Jennifer Sclafani, a linguist at Georgetown University, says President Trump is a "unique" politician because he doesn't speak like one. (Bastien Inzaurralde,Julio Negron,Kyle Barss/The Washington Post)

“Great people.” “Believe me.” “Not good.”

These two-word expressions are among some of the staples of the 45th president of the United States’ vocabulary. Although President Trump’s political career is just a few years old, he has already become associated with several simple phrases — “make America great again,” “build the wall” — and even single words — “win,” “sad,” “great.”

Trump is a “unique” politician because he doesn’t speak like one, according to Jennifer Sclafani, an associate teaching professor in Georgetown University’s Department of Linguistics.

“He is interesting to me linguistically because he speaks like everybody else,” said Sclafani, who has studied Trump’s language for the past two years. “And we’re not used to hearing that from a president. We’re used to hearing somebody speak who sounds much more educated, much smarter, much more refined than your everyday American.”

During a February news conference, Trump seemed to give credit to the power of his words for helping him become president.

“That’s how I won,” Trump told reporters gathered at the White House. “I won with news conference and probably speeches. I certainly didn’t win by people listening to you people, that’s for sure.”

Sclafani, who recently wrote a book set to publish this fall titled “Talking Donald Trump: A Sociolinguistic Study of Style, Metadiscourse, and Political Identity,” said Trump has used language to “create a brand” as a politician.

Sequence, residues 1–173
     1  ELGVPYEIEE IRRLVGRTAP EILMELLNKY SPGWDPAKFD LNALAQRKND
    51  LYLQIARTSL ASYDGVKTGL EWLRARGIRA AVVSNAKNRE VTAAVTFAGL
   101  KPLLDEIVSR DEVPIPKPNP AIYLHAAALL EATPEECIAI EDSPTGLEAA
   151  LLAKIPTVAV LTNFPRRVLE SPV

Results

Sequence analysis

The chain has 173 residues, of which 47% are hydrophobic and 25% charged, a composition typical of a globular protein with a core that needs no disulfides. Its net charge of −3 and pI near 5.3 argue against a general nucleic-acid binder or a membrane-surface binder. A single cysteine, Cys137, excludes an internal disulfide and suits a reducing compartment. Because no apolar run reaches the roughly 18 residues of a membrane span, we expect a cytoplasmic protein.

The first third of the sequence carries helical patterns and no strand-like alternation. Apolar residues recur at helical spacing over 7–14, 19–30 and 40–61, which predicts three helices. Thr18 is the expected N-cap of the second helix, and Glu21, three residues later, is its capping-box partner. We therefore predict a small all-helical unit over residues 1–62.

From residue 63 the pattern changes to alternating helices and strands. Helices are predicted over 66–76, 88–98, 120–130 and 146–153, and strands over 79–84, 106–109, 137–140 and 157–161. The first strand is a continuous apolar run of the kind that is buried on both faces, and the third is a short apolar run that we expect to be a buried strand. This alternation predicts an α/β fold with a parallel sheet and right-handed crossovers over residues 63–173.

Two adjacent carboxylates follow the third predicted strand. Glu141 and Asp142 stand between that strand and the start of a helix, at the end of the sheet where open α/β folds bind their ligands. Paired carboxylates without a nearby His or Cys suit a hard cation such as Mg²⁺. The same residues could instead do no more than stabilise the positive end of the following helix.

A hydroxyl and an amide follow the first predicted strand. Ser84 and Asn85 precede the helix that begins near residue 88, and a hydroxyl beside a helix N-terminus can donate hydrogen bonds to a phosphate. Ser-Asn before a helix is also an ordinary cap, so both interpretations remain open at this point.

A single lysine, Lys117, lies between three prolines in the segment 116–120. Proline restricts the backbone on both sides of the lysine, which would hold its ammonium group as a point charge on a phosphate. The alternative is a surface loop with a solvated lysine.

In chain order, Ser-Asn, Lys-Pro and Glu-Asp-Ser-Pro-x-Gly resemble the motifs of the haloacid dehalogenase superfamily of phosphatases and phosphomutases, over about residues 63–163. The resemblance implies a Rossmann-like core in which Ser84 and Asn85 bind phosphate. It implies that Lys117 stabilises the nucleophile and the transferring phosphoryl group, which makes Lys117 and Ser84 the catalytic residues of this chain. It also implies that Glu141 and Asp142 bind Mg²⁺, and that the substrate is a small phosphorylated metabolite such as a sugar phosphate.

“President Trump creates a spectacle in the way that he speaks,” she said. “So it creates a feeling of strength for the nation, or it creates a sense of determination, a sense that he can get the job done through his use of hyperbole and directness.”

The features of Trump’s speech patterns include a casual tone, a simple vocabulary and grammar, repetitions, hyperbole and sudden switches of topics, according to Sclafani.

As for the criticism that Trump sounds erratic when he changes subjects in the middle of a speech or sentence, Sclafani said that “this is something that we all do in everyday speech.”

“It’s just unusual to hear it from a president speaking in a public, formal context,” she added.

Sclafani said Trump also sets himself apart by the words he doesn’t use. Trump started his sentences with “well” less frequently than other Republican contenders during the 2016 GOP primary debates, she said.

Omitting the word “well” at the start of a sentence helped Trump come across as a straight talker who wouldn’t try to escape a question asked by a moderator, Sclafani said.

“When we hear ‘well’ coming from other candidates, we’re more likely to perceive their responses as being dodgy,” she said. “And when we hear no ‘well’ from Donald Trump, we don’t notice that there is no ‘well’ there, but by contrast he comes off as sounding more straightforward and more direct.”

During a 2015 rally in South Carolina, Trump explained how he feels about his vocabulary.

“I know words,” he said. “I have the best words.”